Stead, Joanne (2008) New beginnings: developing an undergraduate occupational therapy programme as a new subject area. In: Nurse Education Tomorrow (NET) 2008, 2nd-4th September 2008, Churchill College, University of Cambridge. (Unpublished)

The University of Huddersfield is one of the most recent higher education institutions to develop occupational
therapy education as a new subject area. The undergraduate programme is offered within the context of the West
Yorkshire Collaboration for Occupational Therapy Education. This new collaboration includes the University of
Bradford, University of Huddersfield, Leeds Metropolitan University, and local occupational therapy services. As
the first cohort of occupational therapy students prepare to graduate from the University of Huddersfield it is
timely to review the process of design and delivery of this innovative curriculum.
Developing a new subject area and new course has been an exciting and challenging undertaking. Beginning with
a blank sheet of paper provides endless possibilities, however Higgs and Edwards (2002) identify significant
challenges in delivering health and social care programmes including increased access, funding restrictions and
quality demands, which impact upon curriculum ideals.
This paper will evaluate some of the unique approaches to the design, and development of this new subject area
of occupational therapy education, and the constraints which impacted upon its delivery. The paper will focus on
the areas of occupational philosophy, early practice education, interdisciplinary working, and project
management. It will also consider how facilities to support teaching were developed in response to learning
needs, and reflect more broadly on curriculum development issues as applicable to health care educators
The programme reflects the current international philosophical movement within the profession to redefine itself
focusing on the roots of the profession; that of the importance of meaningful occupation. During the 1970s and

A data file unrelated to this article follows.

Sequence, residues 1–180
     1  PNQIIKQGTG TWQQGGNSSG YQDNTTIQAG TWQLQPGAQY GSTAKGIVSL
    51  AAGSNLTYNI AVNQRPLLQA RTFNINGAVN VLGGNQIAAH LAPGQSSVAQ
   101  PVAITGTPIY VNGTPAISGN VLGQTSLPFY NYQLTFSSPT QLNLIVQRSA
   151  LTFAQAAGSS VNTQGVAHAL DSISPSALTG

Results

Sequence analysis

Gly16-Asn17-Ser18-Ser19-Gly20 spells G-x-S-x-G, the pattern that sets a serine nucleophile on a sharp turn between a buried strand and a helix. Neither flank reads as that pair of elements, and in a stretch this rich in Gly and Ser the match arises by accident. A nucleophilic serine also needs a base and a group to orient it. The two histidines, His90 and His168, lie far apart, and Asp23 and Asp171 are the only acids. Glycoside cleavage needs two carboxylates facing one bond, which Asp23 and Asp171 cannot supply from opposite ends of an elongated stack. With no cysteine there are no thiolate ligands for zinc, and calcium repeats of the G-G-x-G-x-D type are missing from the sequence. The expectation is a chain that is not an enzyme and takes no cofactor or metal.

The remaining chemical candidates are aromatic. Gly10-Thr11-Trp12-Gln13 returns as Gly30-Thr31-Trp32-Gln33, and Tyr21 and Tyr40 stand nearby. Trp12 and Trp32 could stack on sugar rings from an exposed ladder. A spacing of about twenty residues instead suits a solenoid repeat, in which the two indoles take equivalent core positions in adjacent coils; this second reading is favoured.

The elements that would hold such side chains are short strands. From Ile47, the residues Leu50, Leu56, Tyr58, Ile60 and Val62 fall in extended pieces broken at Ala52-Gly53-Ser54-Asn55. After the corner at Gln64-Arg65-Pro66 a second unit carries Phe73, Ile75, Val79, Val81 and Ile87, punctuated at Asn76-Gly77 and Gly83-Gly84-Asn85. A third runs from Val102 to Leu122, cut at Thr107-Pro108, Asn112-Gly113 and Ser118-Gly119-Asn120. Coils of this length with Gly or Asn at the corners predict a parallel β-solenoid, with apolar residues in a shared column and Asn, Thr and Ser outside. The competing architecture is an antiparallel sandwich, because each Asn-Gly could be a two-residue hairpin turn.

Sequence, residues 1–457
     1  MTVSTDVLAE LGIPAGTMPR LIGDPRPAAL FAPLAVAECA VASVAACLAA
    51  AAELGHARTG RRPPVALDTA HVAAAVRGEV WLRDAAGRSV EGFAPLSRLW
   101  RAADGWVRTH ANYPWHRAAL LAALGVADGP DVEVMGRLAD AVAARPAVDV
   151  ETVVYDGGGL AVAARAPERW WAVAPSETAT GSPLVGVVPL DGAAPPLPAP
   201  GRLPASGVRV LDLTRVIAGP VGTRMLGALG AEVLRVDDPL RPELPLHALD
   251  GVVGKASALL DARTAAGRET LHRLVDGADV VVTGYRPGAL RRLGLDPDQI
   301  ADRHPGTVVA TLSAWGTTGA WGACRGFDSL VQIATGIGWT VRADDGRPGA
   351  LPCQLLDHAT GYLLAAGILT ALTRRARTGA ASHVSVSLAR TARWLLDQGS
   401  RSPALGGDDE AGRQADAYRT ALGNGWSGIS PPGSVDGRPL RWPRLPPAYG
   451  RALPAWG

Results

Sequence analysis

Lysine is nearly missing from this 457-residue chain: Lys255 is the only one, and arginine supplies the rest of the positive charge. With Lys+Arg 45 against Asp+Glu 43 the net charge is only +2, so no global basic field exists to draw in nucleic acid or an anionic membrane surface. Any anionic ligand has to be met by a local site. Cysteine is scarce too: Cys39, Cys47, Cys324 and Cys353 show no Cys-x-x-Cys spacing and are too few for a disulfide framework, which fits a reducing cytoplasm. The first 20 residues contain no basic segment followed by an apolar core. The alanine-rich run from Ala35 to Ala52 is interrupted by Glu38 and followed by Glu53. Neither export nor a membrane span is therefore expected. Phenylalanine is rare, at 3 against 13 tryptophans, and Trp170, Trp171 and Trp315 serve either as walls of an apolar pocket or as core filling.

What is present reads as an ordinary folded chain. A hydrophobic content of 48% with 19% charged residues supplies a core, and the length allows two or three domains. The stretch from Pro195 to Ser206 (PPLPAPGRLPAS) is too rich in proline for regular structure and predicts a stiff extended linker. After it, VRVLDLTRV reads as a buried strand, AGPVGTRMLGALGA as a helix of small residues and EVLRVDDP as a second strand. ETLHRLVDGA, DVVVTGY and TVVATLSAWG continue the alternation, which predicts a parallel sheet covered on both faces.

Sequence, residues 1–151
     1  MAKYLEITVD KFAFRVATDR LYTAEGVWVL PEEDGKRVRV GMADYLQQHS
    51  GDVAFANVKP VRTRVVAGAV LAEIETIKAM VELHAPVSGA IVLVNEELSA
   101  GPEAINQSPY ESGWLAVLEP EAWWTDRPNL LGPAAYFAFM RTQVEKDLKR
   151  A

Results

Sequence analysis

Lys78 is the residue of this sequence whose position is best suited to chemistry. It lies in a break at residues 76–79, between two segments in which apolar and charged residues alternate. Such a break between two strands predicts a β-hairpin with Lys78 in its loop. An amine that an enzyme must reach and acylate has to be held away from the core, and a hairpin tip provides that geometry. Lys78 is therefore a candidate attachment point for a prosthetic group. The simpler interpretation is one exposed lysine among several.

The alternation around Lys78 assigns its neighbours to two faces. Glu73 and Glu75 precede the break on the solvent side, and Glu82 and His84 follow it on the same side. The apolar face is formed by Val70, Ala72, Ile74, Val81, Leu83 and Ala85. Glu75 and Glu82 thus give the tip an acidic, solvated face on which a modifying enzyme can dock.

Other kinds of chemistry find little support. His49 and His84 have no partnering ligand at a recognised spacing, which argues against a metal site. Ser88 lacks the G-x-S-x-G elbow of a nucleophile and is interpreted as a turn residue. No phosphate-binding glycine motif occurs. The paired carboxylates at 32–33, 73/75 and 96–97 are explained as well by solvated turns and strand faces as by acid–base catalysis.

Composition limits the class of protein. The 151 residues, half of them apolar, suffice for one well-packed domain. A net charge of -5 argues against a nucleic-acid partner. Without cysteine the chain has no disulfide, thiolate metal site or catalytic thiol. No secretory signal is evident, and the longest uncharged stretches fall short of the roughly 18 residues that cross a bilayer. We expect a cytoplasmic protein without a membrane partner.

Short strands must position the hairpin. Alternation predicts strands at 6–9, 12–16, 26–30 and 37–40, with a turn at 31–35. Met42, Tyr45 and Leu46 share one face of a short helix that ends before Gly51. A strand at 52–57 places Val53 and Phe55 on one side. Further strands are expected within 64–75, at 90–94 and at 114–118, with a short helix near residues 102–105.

80s occupational therapy aligned itself closely with the medical profession in order to enhance its scientific
credibility. Consequently many interventions became reductionist and lost their occupational focus. In response to
this occupational therapy is now asserting its own unique identity and reclaiming its specialist skills in using
occupation as both an intervention and an outcome, (Creek, 2003; COT, 2004). The programme reflects this
philosophy by ensuring that occupation is the focus of the studies throughout. The delivery does not focus on
diagnosis and modules are constructed around contexts rather than conditions.
There has been significant input from service colleagues and service users in the curriculum development to
ensure that students develop skills which are current and valued in practice. Additionally by using service
colleagues and users in the delivery of the programme in the programme, students have been exposed to real
scenarios and dilemmas to trigger meaningful learning. Early integration of practice placement education has
challenged the students to apply theory to practice very early in their learning and has created opportunities for
them to contextualise issues and identify future learning needs.
New alliances have been forged to include social work students in shared learning opportunities as interagency
working across health and social care is becoming an increasing feature of the way in which occupational therapy
services are delivered.
The changes in health care delivery are creating many challenges for professionals requiring them to work ever
more flexibly and creatively; initiating, managing and responding to change as well as developing leadership
skills. By engaging in an independent piece of work in year three students are required to integrate both practice
and theory using evidence to inform practice development.
A flexible teaching facility was designed after detailed consultation with a variety of occupational educators, and
practice colleagues to support a wide variety of educational approaches and methods including creative,
experiential, group work and classroom based teaching.
In conclusion the paper will conclude by reflecting on the success of the first three years and will broaden the
lessons learnt to all those involved in curriculum, design, development, and delivery for education in health care.

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